Globe-Gazette from Mason City, Iowa on January 13, 1949 · Page 9
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Globe-Gazette from Mason City, Iowa · Page 9

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Mason City, Iowa
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Thursday, January 13, 1949
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Page 9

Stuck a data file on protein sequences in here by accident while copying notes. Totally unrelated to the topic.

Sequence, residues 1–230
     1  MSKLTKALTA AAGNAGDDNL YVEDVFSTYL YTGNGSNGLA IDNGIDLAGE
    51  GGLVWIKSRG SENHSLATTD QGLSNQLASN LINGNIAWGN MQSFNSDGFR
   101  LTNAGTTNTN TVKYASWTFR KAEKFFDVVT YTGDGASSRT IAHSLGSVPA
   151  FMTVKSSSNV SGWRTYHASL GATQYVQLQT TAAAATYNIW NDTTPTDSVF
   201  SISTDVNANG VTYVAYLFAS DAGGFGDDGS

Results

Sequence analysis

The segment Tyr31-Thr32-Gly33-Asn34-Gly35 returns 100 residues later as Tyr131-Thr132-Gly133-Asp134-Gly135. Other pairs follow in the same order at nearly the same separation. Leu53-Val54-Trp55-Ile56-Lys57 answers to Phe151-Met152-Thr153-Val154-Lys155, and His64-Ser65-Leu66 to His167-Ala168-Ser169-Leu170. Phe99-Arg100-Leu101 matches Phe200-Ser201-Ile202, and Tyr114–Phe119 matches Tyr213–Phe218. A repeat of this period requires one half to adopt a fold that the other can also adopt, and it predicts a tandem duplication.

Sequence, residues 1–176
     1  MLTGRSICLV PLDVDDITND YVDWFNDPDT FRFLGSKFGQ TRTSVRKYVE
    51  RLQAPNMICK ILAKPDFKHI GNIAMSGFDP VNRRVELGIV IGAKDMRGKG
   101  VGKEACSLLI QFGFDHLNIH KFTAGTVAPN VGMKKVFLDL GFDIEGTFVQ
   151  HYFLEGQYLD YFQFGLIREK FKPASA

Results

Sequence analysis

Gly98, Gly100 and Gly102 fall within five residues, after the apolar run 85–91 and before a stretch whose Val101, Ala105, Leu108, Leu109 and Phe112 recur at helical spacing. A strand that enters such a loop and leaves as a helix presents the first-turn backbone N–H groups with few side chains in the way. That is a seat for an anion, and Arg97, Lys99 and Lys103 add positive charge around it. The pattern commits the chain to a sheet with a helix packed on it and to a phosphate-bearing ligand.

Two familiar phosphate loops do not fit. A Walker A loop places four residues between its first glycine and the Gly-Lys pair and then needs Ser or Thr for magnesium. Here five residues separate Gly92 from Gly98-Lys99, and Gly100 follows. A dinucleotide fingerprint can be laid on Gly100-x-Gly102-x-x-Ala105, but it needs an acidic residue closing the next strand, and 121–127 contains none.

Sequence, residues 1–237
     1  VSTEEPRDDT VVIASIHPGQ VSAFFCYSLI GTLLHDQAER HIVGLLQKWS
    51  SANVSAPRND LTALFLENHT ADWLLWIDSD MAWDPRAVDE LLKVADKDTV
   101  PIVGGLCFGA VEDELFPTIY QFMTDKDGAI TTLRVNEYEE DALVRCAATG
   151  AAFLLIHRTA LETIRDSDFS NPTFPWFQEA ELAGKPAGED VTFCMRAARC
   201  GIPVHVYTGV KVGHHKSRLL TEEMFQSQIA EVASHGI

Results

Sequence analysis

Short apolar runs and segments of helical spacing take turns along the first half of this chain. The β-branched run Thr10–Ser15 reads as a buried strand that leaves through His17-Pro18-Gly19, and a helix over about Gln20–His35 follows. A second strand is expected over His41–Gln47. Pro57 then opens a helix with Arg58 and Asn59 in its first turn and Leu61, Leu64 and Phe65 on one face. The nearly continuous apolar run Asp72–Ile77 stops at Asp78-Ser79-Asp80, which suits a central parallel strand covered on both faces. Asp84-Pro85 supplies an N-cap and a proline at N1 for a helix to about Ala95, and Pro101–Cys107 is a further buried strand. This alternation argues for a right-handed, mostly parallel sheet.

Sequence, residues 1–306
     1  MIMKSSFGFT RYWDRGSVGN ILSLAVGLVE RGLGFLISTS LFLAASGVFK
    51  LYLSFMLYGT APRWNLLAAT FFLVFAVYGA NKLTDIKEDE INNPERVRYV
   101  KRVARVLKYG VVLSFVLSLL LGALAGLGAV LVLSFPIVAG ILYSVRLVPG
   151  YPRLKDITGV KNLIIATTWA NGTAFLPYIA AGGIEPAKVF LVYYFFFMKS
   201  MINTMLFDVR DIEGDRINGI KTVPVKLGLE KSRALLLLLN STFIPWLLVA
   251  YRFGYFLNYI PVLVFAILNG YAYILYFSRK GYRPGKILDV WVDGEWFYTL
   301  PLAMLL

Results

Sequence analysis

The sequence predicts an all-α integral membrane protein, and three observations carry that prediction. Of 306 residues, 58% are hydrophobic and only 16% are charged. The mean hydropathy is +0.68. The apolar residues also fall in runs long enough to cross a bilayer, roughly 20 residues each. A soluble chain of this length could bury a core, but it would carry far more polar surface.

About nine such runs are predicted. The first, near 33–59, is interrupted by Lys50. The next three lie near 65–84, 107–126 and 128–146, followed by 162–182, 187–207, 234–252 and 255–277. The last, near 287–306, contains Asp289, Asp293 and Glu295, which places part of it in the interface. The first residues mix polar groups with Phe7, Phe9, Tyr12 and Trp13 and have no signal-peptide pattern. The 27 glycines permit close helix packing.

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Cousins Urges People W W ext War -Final rehearsals of "The Right "re cas t 1l te th in , the K ^° ','"'"» » tta Uttir T lStop™»dto °puSSS SaVe fo^VoaS: ^B^,a d yTh a olSThe e pLT B ** °*° """ ^^ " "" ertMIne "*" fa Mr8 ' " "'to right are Helen Grey and Diann Krall who are in charge of sound effects and in tnem is JJan Palen, sound engineer, and continuing to the right are F. L. Hudson, +Steve Stahl, Helen' Thomas' », oacK HARDING P.T.A. TO HAVE MEETING Harding P. T. A. will meet Thursday evening at 8 at the school when Kenneth Church will speak on the recreation program and there will be special music. The meeting will be conducted in the recently remodeled corn- Mrs. munity room. The board will meet at 7:30 in the office. -. —o— Next time you bake kidney beans try serving them with skillet-browned sausage and cole slaw. DEAR DIARY: JANUARY 12, 1949 Today we girls at the office got in a huddle and decided wed simply have to tell the new girl to use Deodorants. I've read that people become accustomed to their own smells and do not realize ho%v much they offend others. We drew straws and I picked the long one so I'm trying to think up a tactful approach to this delicate subject. Naturally I want her to try Luzier's family of deodorants which the Luzier Cosmetic Salon sells. The liquid Deodorant is an anti-perspirant but I'm crazy about the Cream Deodorant. It simply vanishes into the skin and serves to check perspiration. It isn't sticky. Feme Makinson said it wouldn't be. I am going to tuck a carton of the Powder Deodorant into Mother's birthday box, then I'll do the same for Dad when his birthday rolls around. Luzier's make both cream and powder deodorants for men as well as for women. Hope that I think of a good way to bring up the subject of BO tomorrow. Goodnight, PAT. HA BEEN ADDED FINEST S ILVfR PLATE MORNING STAR* a new Pattern la go with Community'» f am out IADY HAMILTON* MILADY* CORONATION* Always lovely Community adds new beauty to your table no matter which pattern you choose. Come in and see them in lovely 52 Piece Services for 8 at $69.75 with Anti-Tarnish Chest at no Extra Charge and No Federal Tax, 20 East- State Phone 17 William Jones, Lafe nd and Mrs. Barclay. Don Helbling is also in the :ast. but not pictured. Any member of the Little The- next play are held after each radio presentation. About one 3rd of those who appear in each play have had radio experience. "The Right Thing To Do" is a psychological drama which concerns a well meaning sister who has a tendency to dominate in her family with nearly tragic results. BITS ABOUT 'EM Mr. and Mrs. Carl Grupp, 210 Hampshire N. E., have received word of the birth of a son to their son and daughter-in-law, Mr. and Mrs. Richard C. Grupp of Elmhurst, 111. The child who is their 3rd son has been named David Lee. Mr. and Mrs. W. V. Ulin, 924 Monroe N. W., have left for Sacramento, Cal., to visit their son-in- law and daughter, and from there they will go to Venice, Cal., to visit a son and daughter-in-law. They will attend the Iowa picnic at Los Angeles in February and plan to return about March 1. —o— HOLY FAMILY CIRCLE CONDUCTS SESSION Holy Family circle 2 met Tuesday with Mrs. Robert Winter. IKK Crescent drive, with Mrs. B. TJm- hoefer and Mrs. W. Wik as assisting hostesses. Cards were played prizes going to Mrs. K. A. Fisher Mrs. W.'R. Broadbent and Mrs. J J. Wolsfeld. The February meeting will be at the home of Mrs. Mary Beecher with Mrs. George Kelsh and Mrs. W. R. Broadbent assisting. ,, Help reflet* distress of MONTHLY ^ FEMALE COMPLAINTS Are you troubled by distress of female functional periodic disturbances? Does this make you suffer from pain, feel so nervous, tired— at such times? Then DO try Lydla E. Pinkham's Vegetable Compound to relieve such symptoms. Plnkham's has a grand soothing effect on one of woman's most important organs! 1YDIAE. PINKHAM'S World Union Suggestion of Lecturer "If we want peace without tyranny and with decency, it is our duty to pursue it," Norman Cousins, editor of the Saturday Review of Literature, told a Woman's club audience Tuesday evening in the First Methodist church. "What we are doing now may win the war to corne, but it will not avert it," he said. "It is the job of the people of the United States, not the elected officers who come and go, to propose on a high moral level that all nations come together under the rule of law administered within the United Nations—a United Nations which is dying now of malnutrition and anemia. We can give it the blood and bones it needs—pose a preponderance of force. Let'us say we are willing to do without the veto. Let us go along with as many nations as will go along with us, hoping that the advantage of membership will be as apparent to those outside as to those within." Mr. Cousins who has just returned from Europe said that communism has reached its highwater mark there and already has begun to recede. "The crops this fall were 40 per cent better than optimistic expectations of 6 or 8 months ago hoped. Despite strikes, the people are working and working hard. The Marshall plan, while not yet a going concern, has begun to prime the pump, at least psychologically. "But I do not think we are any farther from war than we were 6 months ago. No one can make a flat prediction on whether or not there will be a war. A momentum is being built up in Germany which is more -important than any decision made in Washington or Moscow. In this momentum, the decisions arc being made for both sides. Berlin could have a civil war at any moment. Neither America or Russia are bluffing. Both are pursuing a get-tough policy and any incident may touch off a war." Mr. Cousins said that the American people do not know where they stand and recalled wondering, as he walked through bombed-out Berlin a short time ago, if the American people knew how close they came to being in the same situation as Berlin, or how close they are to war. or that the U. S. is supremely vulnerable to atomic attack against' which there is no defense, or that there is no secret to the atomic bomb, or that they, too, are living behind an iron curtain, a curtain of misinformation. Mr. Cousins described the exactness of the schedule which is maintained by the air lift to Berlin and said that when it comes to a techincal operation or a feat of engineering or the greatest aviation operation of history, which is what the air lift is, we are magnificent, but when it comes to making peace, we are far from magnificent. "Today, in the absence of a strong United Nations, it is impossible for the United States and Russia to agree. No proposal, however reasonable, either one makes, can be accepted by the other." He described how the currency system in Berlin operates with both east marks and west marks as legal tender, but with different values, which makes for chaos, and pointed out that it was failure to agree over the administration of the currency which necessitated the continuance of the air lift. "Future historians may conclude that war was a part of the make-up, if not the nature of The FABRIC Co. SPECIALS You Can Be So Pretty in Our New Spring Rayon Prints WASHABLE RAYON DOTS or FIGURED PRINTS in flattering color combinations. $4.19 39 inches wide ^ yd. Our Regular $2.49 and $1.98 PRINTS in dark backgrounds and also solid color crepe Romaine or Alpaca, are priced especially for you at ?2r...$139 WOOLENS Flannel Checks and Plaids . . . Loads of Colors. $2.50 to $3.75 value. 54-inch widths. The FABRIC Co. 2.19 North Federal Phone 422 ENGAGEMENT T O L D—Mrs. Ruth Katter of Garner announces the engagement of her daughter, LaVonne, to Merle Etchen, son of Mr. and Mrs. Albert Etchen of Klemme. C E. Oeschger Presents Talk on Democracy "The Genius of Democracy" was the subject of the talk given Dy C. E. Oeschger to the mem- jers of the Wa-Tan-Ye club on Tuesday noon at the Cerro Gordo lotel. The speaker likened the strug- le between ideologies, today, to ,he evil man who meets a good man. The evil man is uncomfortable; he trys to bring the good man down to his level, aad, if he is not successful, ne trys to de;troy him. "There are 3 ideologies which are vying for the acceptance of the people of the world: Socialism, wherein there is no customer Control of the distribution of oods; communism, which is born of hunger and poverty and which seeks to divide the available goods among all and no one has enough, and capitalism, which seeks to provide a plenitude so that every man, that with each war he fought. P r °vide a plenitude so that every man reduced his margin for error one may have enough according and his area for recovery, until to his aDin .ty to produce," he said, l * n tne United States which finally he fought one war from which he could not recover. That final war did not represent so much the death wish of mankind as it represented man's attempt to as ™ Ul . - x , =adapt himself to his environment \ vorker m any other country un- rather than to conquer it. ''A world government can be built not by a struggling United Nations, but by one with compul- sory'jurisdiction backed by a preponderance of force." He spoke of the steps we have avoided which could have helped—asking China not to press for a world union at the close of the war, insisting on the veto, rejecting Britain's proposal that nations come together to analyse the weaknesses of the United Nations. Of the atomic bomb. Mr. Cousins said a group of scientists had come together and explained to Mr. Truman about the atomic bomb, that it was not just another weapon of war, but something as important as the discovery of fire and asked him not to take the responsibility for setting a precedent in the use of the bomb, so that its use in the future might be outlawed. "We couldn't wait to drop the bomb," Mr. Cousins said. "I was sick with shame for my country for dropping it." He described his experiences during the Bikini test and said that 2 years and 5 months after Bikini in January 1949, the human race comes face to face with itself. "II is late, but not too late to try for peace." he said. Following Mr. Cousins talk, a question period was conducted with Mrs. R. E. Smiley, president of the club, in charge. Preceding the lecture, musica selections were provided by a quartet composed of Mrs. Harry R. Wolf, Mrs. Scott Smith. Miss Marjorie Smith and Mrs. William Haynes. CENTRAL HEIGHTS P. T. A.'BOARD MEETS Central Heights P.T.A. boarc met at the school Tuesday and plans were discussed for the P. T. A. meeting to be held Jan. 18 at 8 p. m. at the school. With Pleats 2504 SIZES 9 - 19 For the many occasions you'll want to look your casual best pick fashion-wise frock with the pushup sleeves, pleat-treated skirt Wonderful in winter-white wool sparked with a big bold belt! No. 2504 is cut in sizes 9, 11, 13, 15, 17 and 19. Size 15, 3 yds. 54-in Send 25c for PATTERN with Name, Address and Style Number State size desired. You can still obtain a copy of the FALL-WINTER FASHION BOOK but better order immediately. This is an extra large edition showing over 200 pattern styles, easy to make designs for all ages and occasions. Let this book show you how to freshen, up your mid-season, wardrobe with smart blouses skirts, jumpers, jerkins, as well as all the smart tricks of fashion in dresses and suits. Price just 20c a copy. Address PATTERN DEPARTMENT, Globe-Gazette, 121 W. 19th St., New York 11, N. Y. the United States which oper —s under the capitalist system, the average worker produces 6 times as much and owns 6 times as much goods as the average der any other system. Any person who owns a business, no matter how small, a home, life insurance, a stock or a bond is a capitalist. Miss Ruby Potter, program chairman, introduced Mr. Oeschger who is president of the Toastmasters club and is chief clerk to the division storekeeper on the Milwaukee road. Mrs. Oeschger, a former member of the club, was a guest and was introduced Miss Martha Eckhardt presided in the absence of Miss Bruce and announced that the next meeting would be held at the Cerro Gordo hotel on Wednesday evening, Jan. 19, with dinner at 6:30. Miss Grace Moran will tell of her experiences on her trip abroad. Nomination oi officers will be made. —o— COUPLES GRANTED LICENSES TO WED Cresco—Marriage licenses have been issued to James P. Ryan, 22 Milwaukee, Wis., and Beverlj Haugen, 18, Rochester, Minn. Marvin Posschl, 22, and Jane E Hayes, 21, Red Wing, Minn. Works Where 3 Out of 4 Colds Start! Quick! When your head Is stuffed-up withj a cold, put a few dropa of Vlcks Va-tro-nol in each nostril and feel ^ ._ relief start instantly! Va-tro-nolworka right where trouble is to relieve stuffiness and open up your cold-clogged nose. Actually helps -prevent many colds from developing if used ut that first warning sniffle or sneeze I Try it. Vicks Va-tro-nol Nose Drops I Jan. 12. 1U49 19 Mason City UJ«b«-G»M««, M»i»n Cltjr, b. TO WED IN JANUARY — Mr. and Mrs. Sherman Swenson of Swaledale announce the engagement and approaching marriage of their daughter, Mary M., to Donald Coyle, son of Mr. and Mrs. Edward Coyle of Rockford. The wedding will take place in January. ST. ELIZABETH'S CIRCLE HAS MEETING St. Elizabeth's circle met at the home of Mrs. Rebecca Kelly, 210 6th place S. E., Tuesday with Mrs William Johnson, Miss Margaret Kelly and Miss Florence O'Leary assisting. There were 22 members present. Alter the business meeting, 500 was played, prizes going to Mrs. Leo Ebeling, Mrs. Jack Herzog and Marie Burtis. Refresh ments were served by the host esses. New Officers Are Installed by Daughters Officers were installed by the Daughters of Union Veterans of the Civil War, Mrs. G. F. Bull being installed as president; Mrs. M. Roberts, senior vice president; Mrs. L. O'Donnell, junior vice president. Mrs. Ida Slack was installed as chaplain, Mmes. L. Reikens and V. Lum, council members; Miss Ardella Belseth, guide; Mrs. G. Davis, guard; Mrs. R. Hansen, secretary; and Mrs. L. Bemis, treasurer. Mrs. Bemis acted as installing officer, Mrs. Hansen, installing chaplain; Mrs. G. Belseth, installing guide. Mrs. Bemis is council member of the department of Iowa and Mrs. Hansen, past department chaplain. Mrs. Bull presided and reports were made of boxes sent to Civil war widows at Marshalltown. Mrs. Hansen, Mrs. O'Donnell and Mrs. Bemis were in charge. Mrs. Bemis reported on notebooks sent to the Knoxville veterans and Mrs. Roberts and Mrs. Bemis on Christmas gifts sent to Mason City Civil war widows. The next meeting will be Jan. 24 with Mrs. Davis, Miss Belseth and Mrs. Bull in charge of refreshments. • ST. GERTRUDE'S CIRCLE ENTERTAINED St. Gertrude's circle met at the home of Mrs. W. D. McCauley, 302 Kentucky S. E., with 14 members and one guest present. After the business session, bridge was played. Lunch was served by the hostess, assisted by Kathryn Keenan. $ 100 On Your Fur Coat DURING LYONS ANNUAL FUR SALE JUST ONE OF THESE . . . LIGHT MINK HEAD REGULAR $450 SALE $350 You can't buy a better Fur Coat than a LYONS FUR CREATION. Made of finest furs, styled to the minute by expert craftsmen. You will always be proud of your fur if it carries a Lyons Label. NOW CAN MAKE THE REST OF THE WINTER SEEM LIKE SPRING There's nothing like rushing the season with a new suit. Wear iNunder your coat and look fresh as April. Our new spring suits are arriving daily . . . come in choose yours early from such famous names as Swansdown, Jaunty Junior, ^Klingrire, ParaMont, Mary Lane. $39.95 up Illustrated: Jaunty Junior suit adapted from a Paris original . . . simple, classic lines that speak of good fashion jn young budgets . . . 219.05 26-28 EAST STATE